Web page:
When Will We Make America Safe Again?
“WE CALL BS!” Emma Gonzalez’s voice rings through my phone as she concludes her emotionally charged speech in Tallahassee, Florida. Emma, one of the Parkland school shooting survivors, gave a riveting speech calling out Congress and President Trump on their lack of action in the wake of the shooting and their unwavering support of the National Rifle Association (NRA). There have been nine school shootings since 2018 started and they have become commonplace in our society, yet Congress and the President have done ABSOLUTELY NOTHING to address this crisis. President Trump, we don’t need your thoughts and prayers. We need gun control legislation.
There is a highly common misconception about gun control. No, gun control does not equate to taking away guns from law-abiding, mentally-fit, responsible citizens who use guns for sport and protection. Rather, gun control legislation limits the possession of guns by the mentally ill, people with ties to criminal or extremist organizations, and people who pose a direct threat to themselves or others. The NRA continually maintains and misinforms citizens that liberals want to ban all guns, but that is simply untrue.
Many conservative politicians, journalists, and commentators have criticized liberals for pushing for gun control subsequent to the tragedy, as Fox News contributor Tomi Lahren tweeted, “Can the Left let the families grieve for even 24 hours before they push their anti-gun and anti-gunowner agenda? My goodness. This isn’t about a gun it’s about another lunatic. #FloridaShooting”. Carly Novell, a student who survived the shooting, tweeted back, “I was hiding in a closet for two hours. It was about guns. You weren’t there, you don’t know how it felt. Guns give these disgusting people the ability to kill other human beings.
This IS about guns and this is about all the people who had their life abruptly ended because of guns.” I can’t help but agree. Imagine if Nikolas Cruz was unable to obtain any type of gun. Would 17 innocent students have died? Would 34 parents have to come to the realization that they would never see their children again? Would 17 families have to be forever wounded by this tragedy? The answer is NO. Guns are the issue here, more specifically, guns getting into the wrong hands. Republican members of Congress are so quick to say that guns should never get into the hands of those who pose a threat to themselves and their community. But why is it that these members CONTINUALLY voted against amendments that would keep guns out of the hands of these people? Here is a list of amendments that would have stopped guns from getting in the wrong hands, but were never passed and made into law.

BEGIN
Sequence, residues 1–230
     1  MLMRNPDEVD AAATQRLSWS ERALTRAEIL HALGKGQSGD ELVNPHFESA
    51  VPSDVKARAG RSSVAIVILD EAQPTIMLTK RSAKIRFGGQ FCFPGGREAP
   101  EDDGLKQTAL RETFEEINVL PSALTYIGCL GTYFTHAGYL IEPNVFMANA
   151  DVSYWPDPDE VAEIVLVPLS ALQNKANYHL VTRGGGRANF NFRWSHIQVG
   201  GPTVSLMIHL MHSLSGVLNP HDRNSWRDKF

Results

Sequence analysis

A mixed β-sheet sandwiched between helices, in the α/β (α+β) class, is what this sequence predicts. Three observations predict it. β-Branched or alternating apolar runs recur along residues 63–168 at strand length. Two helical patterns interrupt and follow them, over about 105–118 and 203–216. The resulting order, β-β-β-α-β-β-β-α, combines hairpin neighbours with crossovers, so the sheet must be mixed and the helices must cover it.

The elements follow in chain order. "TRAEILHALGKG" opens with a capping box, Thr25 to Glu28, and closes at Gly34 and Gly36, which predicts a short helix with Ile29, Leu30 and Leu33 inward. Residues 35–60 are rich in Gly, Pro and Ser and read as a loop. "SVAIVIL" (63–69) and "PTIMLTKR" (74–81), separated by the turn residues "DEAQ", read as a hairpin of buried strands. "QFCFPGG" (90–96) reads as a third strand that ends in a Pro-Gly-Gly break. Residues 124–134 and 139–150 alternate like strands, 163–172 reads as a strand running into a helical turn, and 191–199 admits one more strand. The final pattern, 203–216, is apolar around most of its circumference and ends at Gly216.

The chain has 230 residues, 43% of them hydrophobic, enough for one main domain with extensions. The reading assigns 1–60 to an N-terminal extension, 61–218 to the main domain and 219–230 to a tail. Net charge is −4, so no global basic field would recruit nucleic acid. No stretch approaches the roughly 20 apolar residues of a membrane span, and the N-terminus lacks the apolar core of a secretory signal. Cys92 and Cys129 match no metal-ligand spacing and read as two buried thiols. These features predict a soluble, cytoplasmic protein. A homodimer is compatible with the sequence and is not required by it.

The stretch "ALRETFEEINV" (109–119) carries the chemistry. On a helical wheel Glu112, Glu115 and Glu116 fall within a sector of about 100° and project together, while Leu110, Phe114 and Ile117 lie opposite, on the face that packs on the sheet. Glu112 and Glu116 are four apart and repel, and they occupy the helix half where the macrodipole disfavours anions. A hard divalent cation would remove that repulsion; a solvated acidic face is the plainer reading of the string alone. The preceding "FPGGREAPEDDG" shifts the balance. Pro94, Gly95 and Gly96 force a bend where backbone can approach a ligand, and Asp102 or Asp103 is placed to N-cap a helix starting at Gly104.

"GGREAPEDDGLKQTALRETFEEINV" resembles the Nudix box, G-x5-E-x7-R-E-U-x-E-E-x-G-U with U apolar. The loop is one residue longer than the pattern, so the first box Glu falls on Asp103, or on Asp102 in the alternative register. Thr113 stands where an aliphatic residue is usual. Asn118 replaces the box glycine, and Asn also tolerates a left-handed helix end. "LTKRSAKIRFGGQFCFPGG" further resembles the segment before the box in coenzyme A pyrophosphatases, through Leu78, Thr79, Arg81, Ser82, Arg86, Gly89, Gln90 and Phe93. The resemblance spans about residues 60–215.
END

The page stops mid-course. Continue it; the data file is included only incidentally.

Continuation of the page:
- The Manchin-Toomey Bill, voted on in 2015, ensured that “all individuals who should be prohibited from buying a firearm are listed in the National Instant Criminal Background Check System, and provide a responsible and consistent background check process.” The bill was defeated in the Senate with 41 Republican senators voting against the bill and 4 Republican senators voting for it.
- The Murphy Amendment, voted on in 2016, expanded background checks to guns sold online and at gun shows. The bill was defeated in the Senate with 53 Republican senators voting against the bill and 1 Republican senator voting for it.
- The Feinstein Amendment, voted on in 2016, banned people on terrorist watch lists from buying firearms. The bill was defeated in the Senate with 53 Republican senators voting against the bill and 1 Republican senator voting for it.
- The Mental Health Bill (does not have a formal name) was enacted into law and signed by President Trump in 2017 which UNDID an Obama-era legislation which added 70,000 people with mental illnesses to the FBI’s background check database. The NRA applauded this, as NRA executive director Chris Cox stated that Trump signing the bill “marks a new era for law-abiding gun owners.”
When will the NRA stop wielding its malicious and misguided influence? When will Republican politicians and Democratic politicians who have crossed party lines stop lying to our faces and pass effective gun control regulations that protect the innocent people of the country? When will NRA money start to mean less than our lives? When will Congress and Trump make America safe again?